The guy I’m feeling for a bit these days is Mr. Michael Eliot Gordon.
To my mind he has released a gem of an album. The Green Sparrow is whimsical yet personal, familiar yet unpredictable.
However, I’ve read some of the initial press on the disc and while it seems to be generally favorable, it never fully addresses Gordon’s achievement. Instead much of it is tempered by references to the bassist’s longstanding gig with another band (“The Phish,” remember them?).
Yet I’m confident that The Green Sparrow would be engaged in an altogether different manner if somehow Mike’s musical lineage were not entwined with that group but rather linked instead, to say, the freak-folk movement (which if you think about it, is not that implausible). If music critics were liberated from assessing the work of “Phish bass player Mike Gordon,” it might well grant them the license to appreciate (and more significantly, to enjoy) the new disc on its own terms (or nearly so, but alas, at times it seems that outside permission is required).
So okay, the mainstream press is not giving him an altogether fair shake because he’s a member of Phish but he does have hundreds of thousands of longtime supporters whoare not giving him an altogether fair shake because he’s a member of Phish.
Based on what I’ve heard and read here and there, it appears that certain folks otherwise predisposed to Mike’s songs, find themselves a bit reluctant to commit. Now that Trey Anastasio has withdrawn any categorical denials about a theoretical Phish future, many of these fans are ambivalent about whether they should “dig further down” with Mike’s new band because it is seen as a transitional affair before the return of Mike’s old band.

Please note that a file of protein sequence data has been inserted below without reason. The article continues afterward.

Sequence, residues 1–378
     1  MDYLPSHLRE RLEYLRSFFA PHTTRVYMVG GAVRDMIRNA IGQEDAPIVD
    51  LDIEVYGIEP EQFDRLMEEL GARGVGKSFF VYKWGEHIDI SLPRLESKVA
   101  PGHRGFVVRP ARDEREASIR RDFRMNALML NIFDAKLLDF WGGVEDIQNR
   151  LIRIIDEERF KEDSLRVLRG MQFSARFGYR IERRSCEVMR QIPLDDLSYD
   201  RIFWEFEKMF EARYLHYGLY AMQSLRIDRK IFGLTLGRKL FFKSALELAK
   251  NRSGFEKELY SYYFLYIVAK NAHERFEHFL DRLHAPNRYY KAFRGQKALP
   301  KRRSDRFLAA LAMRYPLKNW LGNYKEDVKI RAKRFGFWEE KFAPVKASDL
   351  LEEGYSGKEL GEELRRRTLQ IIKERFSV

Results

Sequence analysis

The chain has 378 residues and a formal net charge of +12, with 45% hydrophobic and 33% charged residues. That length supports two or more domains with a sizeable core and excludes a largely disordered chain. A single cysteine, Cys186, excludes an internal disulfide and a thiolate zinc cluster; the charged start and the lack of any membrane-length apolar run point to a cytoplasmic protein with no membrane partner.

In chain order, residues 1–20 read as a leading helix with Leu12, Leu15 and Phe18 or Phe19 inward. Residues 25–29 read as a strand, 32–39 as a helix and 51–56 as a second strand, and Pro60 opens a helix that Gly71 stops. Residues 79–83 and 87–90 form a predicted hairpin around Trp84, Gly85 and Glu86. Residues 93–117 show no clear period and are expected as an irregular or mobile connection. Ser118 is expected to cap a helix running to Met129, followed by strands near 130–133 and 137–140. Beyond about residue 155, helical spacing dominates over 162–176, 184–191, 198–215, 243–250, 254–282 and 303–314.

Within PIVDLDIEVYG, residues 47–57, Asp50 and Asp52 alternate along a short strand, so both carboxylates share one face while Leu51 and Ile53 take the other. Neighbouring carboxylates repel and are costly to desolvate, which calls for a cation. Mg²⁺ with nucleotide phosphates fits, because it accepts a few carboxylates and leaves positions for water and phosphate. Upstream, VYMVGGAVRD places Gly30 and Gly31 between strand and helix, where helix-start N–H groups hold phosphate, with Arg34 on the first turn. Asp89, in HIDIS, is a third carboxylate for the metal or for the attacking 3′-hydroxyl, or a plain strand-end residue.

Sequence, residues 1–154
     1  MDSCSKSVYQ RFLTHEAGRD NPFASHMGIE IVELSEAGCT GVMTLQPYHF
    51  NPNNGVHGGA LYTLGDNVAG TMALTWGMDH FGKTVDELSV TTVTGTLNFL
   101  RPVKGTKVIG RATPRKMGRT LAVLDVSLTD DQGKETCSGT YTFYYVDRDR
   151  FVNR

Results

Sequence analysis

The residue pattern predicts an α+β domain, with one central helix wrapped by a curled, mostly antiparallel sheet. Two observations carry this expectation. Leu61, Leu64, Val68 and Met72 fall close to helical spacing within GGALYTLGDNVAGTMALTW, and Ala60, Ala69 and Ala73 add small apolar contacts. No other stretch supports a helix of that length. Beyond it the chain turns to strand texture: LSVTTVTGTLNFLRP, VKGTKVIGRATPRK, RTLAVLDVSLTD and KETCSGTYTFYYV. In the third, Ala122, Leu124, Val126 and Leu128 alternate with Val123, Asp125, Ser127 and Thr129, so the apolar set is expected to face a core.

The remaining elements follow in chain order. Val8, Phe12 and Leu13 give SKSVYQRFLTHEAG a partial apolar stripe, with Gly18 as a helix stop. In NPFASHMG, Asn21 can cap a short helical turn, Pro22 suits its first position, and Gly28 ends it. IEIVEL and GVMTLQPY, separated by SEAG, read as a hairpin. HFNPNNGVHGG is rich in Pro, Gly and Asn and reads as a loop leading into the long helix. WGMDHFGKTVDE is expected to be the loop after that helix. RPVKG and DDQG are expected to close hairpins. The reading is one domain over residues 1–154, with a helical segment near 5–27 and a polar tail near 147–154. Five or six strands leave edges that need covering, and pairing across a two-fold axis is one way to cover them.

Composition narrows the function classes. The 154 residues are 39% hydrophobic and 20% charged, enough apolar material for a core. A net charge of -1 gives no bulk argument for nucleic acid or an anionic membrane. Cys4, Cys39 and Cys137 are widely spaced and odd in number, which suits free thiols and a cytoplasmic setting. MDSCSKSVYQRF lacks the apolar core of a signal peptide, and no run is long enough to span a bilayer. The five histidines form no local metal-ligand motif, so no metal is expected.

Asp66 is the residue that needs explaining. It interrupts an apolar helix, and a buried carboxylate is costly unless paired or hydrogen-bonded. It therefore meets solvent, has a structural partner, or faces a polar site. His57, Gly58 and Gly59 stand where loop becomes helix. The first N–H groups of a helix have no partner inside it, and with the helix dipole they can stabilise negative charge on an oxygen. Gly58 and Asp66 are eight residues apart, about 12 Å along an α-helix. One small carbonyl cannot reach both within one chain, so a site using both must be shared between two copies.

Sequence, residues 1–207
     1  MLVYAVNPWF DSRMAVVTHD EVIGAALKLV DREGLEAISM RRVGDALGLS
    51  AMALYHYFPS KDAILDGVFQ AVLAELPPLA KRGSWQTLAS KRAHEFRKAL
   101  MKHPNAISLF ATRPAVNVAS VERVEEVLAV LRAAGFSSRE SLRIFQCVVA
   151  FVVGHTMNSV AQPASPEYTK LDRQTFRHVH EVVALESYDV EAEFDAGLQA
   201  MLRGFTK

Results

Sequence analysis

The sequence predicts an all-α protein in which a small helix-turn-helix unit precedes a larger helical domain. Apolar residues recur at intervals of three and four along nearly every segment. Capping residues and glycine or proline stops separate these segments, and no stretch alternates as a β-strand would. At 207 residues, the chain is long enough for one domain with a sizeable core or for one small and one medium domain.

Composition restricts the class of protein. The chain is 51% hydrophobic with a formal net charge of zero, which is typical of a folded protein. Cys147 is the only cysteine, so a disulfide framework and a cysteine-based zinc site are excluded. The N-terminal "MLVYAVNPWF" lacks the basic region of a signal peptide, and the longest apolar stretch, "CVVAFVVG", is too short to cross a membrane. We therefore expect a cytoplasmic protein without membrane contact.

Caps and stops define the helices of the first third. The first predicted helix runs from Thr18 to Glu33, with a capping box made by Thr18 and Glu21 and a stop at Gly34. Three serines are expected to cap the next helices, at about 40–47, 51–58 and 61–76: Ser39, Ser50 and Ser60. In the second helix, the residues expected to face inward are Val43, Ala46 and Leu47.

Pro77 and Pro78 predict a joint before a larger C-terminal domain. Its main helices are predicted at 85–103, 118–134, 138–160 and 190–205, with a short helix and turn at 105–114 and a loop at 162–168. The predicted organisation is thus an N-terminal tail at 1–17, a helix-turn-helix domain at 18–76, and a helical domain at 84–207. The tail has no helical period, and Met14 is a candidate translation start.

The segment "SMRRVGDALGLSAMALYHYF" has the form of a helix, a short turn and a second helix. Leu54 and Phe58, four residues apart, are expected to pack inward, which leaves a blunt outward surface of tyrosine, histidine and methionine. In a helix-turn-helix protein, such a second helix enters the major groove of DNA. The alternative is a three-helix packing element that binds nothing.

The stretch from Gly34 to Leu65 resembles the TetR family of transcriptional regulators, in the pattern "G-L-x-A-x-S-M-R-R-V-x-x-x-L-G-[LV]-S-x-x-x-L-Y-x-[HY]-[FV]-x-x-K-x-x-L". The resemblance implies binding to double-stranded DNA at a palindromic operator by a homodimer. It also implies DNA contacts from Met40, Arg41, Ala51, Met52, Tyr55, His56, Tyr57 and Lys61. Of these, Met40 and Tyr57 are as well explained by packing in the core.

So after devoting a “Year of Daily Songwriting” to this project and assembling a touring group with the stated intent of developing something from scratch, the Patron of the Purple Pants has been hemmed in by talk that “Fulfillment of the Brahphecy Is Nigh.”
It’s really too bad, because unless you’ve been distracted by my repeatedly invoking Phish Phish Phish, I assume you gather that I really dig the new album. This is Mike’s first offering that doesn’t aspire to thrive on quirk alone. Frankly, I doubt he would have developed these songs if he were still out there with Phish. Then again, I also doubt he would have developed these songs if he had never been out there with Phish.
Which admittedly is where it all becomes convoluted. After all, he is “Phish bass player Mike Gordon” even when he isn’t, which I have to believe, by turns, proves both frustrating and gratifying.
Still, my tip of the day is that after you spend a few minutes musing on what “Traveled Too Far” might sound like with Phish (smashing, btw), you should open "Another Door" on its own terms.